State Sen. John Flanagan (R-Smithtown), the Senate majority leader, then released three bills in May that would extend mayoral control with the mandate that the mayor agree to loosen restrictions for charter schools and tax credits for private donors and corporations that invest in “scholarships, education funds and home-based instructional materials.”

The mayor refused to negotiate because that would cost the city money, according to his office.

Assemblywoman Nicole Malliotakis (R-Staten Island), who is running for mayor, made a second request Tuesday for an investigation into education spending.

“The city of New York must comply with this requirement outlining how it spends the $9 billion in taxpayer money allocated by the state, and they haven’t done so,” Malliotakis said. “Examination is also needed of the city’s Schools Renewal program that has pumped hundreds of millions in tax dollars into failing schools and issued $40 million in contracts to high-priced consultants without results.”

Despite having little faith in de Blasio’s leadership, Councilman Eric Ulrich (R-Ozone Park) is putting aside politics for the interests of New York City.

“The crisis surrounding mayoral control of public schools is entirely his own making, given his fractured relationship with Gov. Cuomo and members of both parties in the state Assembly and Senate,” said Ulrich, who was at the Monday rally. “While I certainly hope mayoral control is extended for the sake of our children, I also hope that New Yorkers remember how we got into this mess in the first place.”

Ulrich, however, still holds out hope for charter schools and believes that parents should have choices in what schools they want to send their kids.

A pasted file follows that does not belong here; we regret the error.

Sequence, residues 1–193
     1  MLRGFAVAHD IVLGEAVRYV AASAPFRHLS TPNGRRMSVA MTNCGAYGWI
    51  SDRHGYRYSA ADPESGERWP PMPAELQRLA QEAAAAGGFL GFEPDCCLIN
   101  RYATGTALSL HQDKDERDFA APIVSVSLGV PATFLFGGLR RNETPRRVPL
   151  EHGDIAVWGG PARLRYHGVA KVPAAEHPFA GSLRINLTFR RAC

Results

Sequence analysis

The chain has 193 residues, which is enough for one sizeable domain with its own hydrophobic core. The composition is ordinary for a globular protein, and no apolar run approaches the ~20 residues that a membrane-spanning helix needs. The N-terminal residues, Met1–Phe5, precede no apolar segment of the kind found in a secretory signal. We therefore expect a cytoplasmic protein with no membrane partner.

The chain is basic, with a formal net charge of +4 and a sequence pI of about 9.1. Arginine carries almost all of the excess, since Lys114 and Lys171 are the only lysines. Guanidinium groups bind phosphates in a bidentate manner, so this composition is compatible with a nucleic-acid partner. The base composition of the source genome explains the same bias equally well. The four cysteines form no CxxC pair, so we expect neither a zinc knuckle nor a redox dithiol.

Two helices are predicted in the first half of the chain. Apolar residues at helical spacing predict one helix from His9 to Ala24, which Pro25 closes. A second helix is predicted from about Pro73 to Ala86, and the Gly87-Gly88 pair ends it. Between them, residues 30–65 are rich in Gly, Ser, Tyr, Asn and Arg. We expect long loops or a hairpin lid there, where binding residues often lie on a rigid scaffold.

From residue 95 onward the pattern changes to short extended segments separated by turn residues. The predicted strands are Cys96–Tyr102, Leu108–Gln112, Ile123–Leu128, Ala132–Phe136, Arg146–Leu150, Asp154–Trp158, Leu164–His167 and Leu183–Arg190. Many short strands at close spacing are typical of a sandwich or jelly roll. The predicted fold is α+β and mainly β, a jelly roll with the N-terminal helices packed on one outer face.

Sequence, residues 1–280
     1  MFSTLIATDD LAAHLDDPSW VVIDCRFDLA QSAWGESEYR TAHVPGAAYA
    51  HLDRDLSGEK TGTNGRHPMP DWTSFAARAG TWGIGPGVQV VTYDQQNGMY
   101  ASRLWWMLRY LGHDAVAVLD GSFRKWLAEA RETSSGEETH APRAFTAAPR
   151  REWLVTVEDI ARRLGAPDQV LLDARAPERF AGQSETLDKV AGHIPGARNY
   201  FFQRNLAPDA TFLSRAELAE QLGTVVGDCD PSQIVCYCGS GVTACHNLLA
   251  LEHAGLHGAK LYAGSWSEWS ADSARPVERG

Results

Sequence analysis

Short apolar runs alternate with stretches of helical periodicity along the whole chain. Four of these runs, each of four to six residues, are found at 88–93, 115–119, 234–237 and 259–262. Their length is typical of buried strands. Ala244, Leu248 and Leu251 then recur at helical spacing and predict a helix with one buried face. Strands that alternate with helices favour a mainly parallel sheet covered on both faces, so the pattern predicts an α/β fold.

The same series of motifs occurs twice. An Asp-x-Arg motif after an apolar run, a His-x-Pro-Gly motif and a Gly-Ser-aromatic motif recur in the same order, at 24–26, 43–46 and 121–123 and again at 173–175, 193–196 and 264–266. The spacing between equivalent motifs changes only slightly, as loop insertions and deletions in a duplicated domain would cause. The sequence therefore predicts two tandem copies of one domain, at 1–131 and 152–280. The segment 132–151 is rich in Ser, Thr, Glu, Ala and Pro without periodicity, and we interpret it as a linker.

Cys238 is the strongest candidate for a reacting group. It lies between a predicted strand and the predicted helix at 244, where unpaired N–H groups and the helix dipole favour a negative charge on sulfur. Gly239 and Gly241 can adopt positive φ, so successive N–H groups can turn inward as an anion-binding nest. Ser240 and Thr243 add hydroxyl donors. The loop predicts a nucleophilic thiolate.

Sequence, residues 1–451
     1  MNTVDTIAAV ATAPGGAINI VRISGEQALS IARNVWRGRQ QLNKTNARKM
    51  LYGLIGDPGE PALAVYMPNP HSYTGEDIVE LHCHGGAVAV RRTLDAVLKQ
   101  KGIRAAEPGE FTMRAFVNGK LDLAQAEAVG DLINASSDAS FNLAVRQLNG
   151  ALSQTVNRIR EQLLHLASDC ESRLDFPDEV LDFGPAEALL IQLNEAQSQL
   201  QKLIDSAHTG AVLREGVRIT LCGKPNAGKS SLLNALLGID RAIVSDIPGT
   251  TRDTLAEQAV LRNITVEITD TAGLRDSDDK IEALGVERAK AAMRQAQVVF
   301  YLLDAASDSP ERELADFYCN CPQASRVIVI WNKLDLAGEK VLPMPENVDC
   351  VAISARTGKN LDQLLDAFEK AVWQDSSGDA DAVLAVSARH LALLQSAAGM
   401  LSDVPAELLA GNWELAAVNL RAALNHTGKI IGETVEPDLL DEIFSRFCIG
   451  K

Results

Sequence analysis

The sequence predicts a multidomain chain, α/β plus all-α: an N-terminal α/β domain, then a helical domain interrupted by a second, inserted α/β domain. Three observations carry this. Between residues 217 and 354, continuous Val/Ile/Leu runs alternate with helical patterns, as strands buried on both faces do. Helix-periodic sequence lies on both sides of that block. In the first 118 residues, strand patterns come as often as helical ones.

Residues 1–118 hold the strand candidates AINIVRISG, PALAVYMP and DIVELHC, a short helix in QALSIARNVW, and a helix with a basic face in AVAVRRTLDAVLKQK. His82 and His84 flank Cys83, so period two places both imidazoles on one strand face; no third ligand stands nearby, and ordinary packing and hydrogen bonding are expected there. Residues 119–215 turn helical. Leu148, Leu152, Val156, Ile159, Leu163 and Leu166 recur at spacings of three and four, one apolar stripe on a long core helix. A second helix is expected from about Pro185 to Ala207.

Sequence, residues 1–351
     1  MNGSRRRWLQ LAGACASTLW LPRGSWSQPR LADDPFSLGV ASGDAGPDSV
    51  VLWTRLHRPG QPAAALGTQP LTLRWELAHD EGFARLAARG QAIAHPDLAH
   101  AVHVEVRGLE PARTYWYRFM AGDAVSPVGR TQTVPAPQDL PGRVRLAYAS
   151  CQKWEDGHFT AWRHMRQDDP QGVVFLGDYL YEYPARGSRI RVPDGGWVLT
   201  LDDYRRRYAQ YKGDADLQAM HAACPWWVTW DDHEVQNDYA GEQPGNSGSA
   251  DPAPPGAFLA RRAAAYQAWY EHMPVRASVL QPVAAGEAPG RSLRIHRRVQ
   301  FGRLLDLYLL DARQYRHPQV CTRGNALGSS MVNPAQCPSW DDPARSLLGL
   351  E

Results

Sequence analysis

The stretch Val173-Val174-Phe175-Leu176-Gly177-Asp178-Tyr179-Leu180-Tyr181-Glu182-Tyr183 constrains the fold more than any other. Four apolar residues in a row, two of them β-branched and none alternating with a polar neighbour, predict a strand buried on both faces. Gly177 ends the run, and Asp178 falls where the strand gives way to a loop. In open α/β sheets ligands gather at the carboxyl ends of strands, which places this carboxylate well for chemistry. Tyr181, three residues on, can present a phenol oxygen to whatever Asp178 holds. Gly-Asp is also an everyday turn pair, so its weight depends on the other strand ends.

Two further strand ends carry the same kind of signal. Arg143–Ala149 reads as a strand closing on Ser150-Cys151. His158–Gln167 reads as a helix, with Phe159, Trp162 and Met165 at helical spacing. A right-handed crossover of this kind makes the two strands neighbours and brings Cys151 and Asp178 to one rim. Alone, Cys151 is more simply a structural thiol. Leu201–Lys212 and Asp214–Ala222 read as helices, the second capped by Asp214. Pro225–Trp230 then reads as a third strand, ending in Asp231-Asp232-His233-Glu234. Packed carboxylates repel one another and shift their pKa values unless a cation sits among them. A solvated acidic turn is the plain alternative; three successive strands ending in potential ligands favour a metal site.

“I have always been a proud supporter of charter schools because I believe that families deserve education options, “ Ulrich said. “With so many failing schools in New York City, we should embrace charter schools, which foster competition and innovation.”

State Sen. Jose Peralta (D-East Elmhurst), a member of the Education Committee and the IDC, also supports mayoral control.

“It is time we pass a two-year extender,” Peralta said. “Let’s stop playing politics and do what is right for the more than one million schoolchildren in the city.”

City Comptroller Scott Stringer, a parent of a preschooler, supports the mayor, but also wants to keep the DOE accountable.

Both Stringer and the mayor fear that without mayoral control, New York City taxpayers will face a projected cost of “$1.6 billion more over the next 10 years” for the reconstitution of local school boards, which had unqualified administrative staff and redundancy, the mayor said.

Councilman I. Daneek Miller (D-St. Albans) also is in favor of extending mayoral control.

“With the reduced number of absenteeism, increased graduation rates, while adding programs for literacy and expanding AP classes, the city is clearly implementing the right policies that ensures our young scholars have the knowledge they will need to succeed,” Miller said. “We need to keep this progress going and give Mayor de Blasio the ability to do so by extending school control.”

Reach reporter Naeisha Rose by e-mail at nrose@cnglocal.com or by phone at (718) 260–4573.